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Inquiry urged into why women are being held back in the arts

Jennifer Tuckett, leader of the master's course in dramatic writing at Drama Centre London
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The government must hold an inquiry into the barriers holding women back from working in the arts, the leader of Drama Centre London’s dramatic writing master’s course has demanded.

Jennifer Tuckett, who is also director of mentoring programme University Women in the Arts, made the recommendation in response to research indicating a large gap between the number of women studying the arts and those working in the sector.

Addressing MPs in a House of Commons committee event called Is Education Preparing Us for the Jobs of the Future?, Tuckett said: “At the University of the Arts London, Europe’s largest and leading arts university, more than 70% of students are female.

“However, research by the British Theatre Consortium, Tonic Theatre and others has shown that in the industry only 30% of professional playwrights, directors and artists are female.”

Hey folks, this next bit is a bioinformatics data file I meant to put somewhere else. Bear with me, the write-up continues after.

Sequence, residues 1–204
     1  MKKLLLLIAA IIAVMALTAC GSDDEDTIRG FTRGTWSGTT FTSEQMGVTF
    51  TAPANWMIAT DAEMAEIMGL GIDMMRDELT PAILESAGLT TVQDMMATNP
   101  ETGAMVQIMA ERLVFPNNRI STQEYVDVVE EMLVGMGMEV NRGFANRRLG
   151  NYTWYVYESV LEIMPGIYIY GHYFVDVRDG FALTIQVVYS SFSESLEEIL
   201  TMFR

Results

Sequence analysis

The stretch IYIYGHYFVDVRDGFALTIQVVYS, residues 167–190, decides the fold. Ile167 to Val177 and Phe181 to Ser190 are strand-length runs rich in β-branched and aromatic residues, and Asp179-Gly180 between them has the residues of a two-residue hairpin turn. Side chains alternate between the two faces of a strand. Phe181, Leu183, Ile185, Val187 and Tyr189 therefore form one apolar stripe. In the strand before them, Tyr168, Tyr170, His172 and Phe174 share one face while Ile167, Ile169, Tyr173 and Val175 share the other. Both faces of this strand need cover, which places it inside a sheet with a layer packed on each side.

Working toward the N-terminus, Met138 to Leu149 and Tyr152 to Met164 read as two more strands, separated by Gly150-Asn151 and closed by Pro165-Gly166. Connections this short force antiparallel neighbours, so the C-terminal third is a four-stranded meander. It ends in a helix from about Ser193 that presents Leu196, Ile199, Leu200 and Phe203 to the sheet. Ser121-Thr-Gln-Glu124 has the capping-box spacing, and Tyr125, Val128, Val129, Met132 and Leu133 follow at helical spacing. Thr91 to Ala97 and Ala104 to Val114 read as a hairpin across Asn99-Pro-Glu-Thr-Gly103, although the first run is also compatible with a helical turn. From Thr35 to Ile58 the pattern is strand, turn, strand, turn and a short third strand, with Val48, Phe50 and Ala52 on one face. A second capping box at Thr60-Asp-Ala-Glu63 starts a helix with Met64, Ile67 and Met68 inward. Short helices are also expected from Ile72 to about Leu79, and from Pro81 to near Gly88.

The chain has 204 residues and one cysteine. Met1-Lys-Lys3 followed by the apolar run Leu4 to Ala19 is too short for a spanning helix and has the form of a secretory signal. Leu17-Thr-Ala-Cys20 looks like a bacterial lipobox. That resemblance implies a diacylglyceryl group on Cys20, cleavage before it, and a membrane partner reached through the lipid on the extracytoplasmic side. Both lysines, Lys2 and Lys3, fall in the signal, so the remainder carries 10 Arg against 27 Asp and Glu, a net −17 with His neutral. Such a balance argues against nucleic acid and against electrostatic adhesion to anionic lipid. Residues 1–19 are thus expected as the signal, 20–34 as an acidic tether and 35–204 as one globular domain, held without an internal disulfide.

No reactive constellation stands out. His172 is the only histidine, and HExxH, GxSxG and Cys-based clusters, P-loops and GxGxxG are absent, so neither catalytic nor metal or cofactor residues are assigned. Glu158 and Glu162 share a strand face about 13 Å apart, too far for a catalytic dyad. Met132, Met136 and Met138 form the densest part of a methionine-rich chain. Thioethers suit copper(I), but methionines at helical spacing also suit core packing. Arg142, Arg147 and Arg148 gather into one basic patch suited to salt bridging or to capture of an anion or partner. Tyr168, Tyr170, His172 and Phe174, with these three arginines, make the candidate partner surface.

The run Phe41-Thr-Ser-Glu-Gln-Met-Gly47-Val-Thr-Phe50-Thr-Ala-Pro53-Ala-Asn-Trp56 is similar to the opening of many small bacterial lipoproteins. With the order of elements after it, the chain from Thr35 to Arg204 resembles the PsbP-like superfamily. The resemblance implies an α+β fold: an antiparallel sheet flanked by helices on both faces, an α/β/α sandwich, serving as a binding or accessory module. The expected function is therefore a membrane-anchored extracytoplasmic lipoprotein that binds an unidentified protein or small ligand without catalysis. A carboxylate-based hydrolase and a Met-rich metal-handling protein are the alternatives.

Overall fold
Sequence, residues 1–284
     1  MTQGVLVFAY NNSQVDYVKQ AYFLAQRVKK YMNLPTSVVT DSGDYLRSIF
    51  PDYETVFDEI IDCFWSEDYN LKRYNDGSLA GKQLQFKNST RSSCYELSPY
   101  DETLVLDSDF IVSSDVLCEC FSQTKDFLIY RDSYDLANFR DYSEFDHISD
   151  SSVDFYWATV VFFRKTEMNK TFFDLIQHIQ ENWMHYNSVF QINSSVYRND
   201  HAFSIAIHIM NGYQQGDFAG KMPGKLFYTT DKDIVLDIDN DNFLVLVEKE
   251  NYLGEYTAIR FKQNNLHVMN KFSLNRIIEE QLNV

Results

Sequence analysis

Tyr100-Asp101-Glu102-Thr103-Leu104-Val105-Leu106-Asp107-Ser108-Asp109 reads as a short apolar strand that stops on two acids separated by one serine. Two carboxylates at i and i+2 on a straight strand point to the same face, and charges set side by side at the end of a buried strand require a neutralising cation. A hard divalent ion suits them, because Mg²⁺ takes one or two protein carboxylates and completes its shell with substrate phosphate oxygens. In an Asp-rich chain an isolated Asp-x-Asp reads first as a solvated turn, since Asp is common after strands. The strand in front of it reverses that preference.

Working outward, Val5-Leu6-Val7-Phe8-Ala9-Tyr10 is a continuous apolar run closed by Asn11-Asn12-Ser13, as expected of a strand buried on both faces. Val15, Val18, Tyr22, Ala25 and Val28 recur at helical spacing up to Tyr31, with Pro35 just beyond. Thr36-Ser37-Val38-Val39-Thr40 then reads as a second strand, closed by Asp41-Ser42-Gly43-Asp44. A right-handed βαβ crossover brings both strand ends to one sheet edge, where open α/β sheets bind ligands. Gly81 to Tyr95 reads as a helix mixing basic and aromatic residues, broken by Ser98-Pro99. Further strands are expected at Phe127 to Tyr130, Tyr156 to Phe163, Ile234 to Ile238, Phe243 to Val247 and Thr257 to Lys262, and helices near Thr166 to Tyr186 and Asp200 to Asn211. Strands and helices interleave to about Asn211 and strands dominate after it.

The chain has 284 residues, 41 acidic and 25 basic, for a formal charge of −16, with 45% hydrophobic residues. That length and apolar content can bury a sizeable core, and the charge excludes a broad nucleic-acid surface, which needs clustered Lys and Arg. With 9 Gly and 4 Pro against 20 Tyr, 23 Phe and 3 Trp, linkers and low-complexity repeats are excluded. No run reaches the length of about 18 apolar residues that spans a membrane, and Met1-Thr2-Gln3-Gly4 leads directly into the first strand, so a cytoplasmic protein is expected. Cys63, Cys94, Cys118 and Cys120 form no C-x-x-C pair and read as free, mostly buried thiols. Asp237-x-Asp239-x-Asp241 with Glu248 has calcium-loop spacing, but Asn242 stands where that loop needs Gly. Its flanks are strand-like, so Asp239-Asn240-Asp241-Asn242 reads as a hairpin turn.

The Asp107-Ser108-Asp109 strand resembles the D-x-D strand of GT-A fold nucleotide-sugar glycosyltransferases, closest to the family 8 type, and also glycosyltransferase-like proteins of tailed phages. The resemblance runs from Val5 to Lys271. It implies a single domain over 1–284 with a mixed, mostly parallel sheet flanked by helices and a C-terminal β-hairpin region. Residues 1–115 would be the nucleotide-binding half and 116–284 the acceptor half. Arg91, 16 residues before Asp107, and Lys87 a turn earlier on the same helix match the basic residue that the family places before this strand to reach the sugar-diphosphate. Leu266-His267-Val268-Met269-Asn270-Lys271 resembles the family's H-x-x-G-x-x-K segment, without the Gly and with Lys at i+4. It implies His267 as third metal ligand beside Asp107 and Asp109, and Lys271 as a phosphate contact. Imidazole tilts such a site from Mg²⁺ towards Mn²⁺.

Tuckett believes diversity quotas to be the “only effective way of addressing the situation” and has called for a “more robust” mentoring system for women.

She said University Women in the Arts had found five main factors holding women back, including a lack of confidence, a need for resilience, and women not helping other women.

The programme also identified that men “gravitate towards people who are similar to them as employees”, and that issues occur when women have children.

Tuckett quoted Elizabeth Freestone, former artistic director of Pentabus Theatre Company, who said men outnumber women two to one at leadership level due to barriers around pay and childcare and women “not being offered the gigs and breaks their male peers are”.


Tuckett’s recommendations to address the lack of women working in the arts, particularly in artistic and leadership roles:

  • A government inquiry investigating the difference between the number of women studying the arts and working in the arts
  • Using diversity quotas
  • Introducing a better mentoring system and funding for mentoring schemes to help women make the transition from studying to working in the arts

University Women in the Arts is launching an online survey into why more women study the arts but fewer women work in the arts: click here to access the survey.

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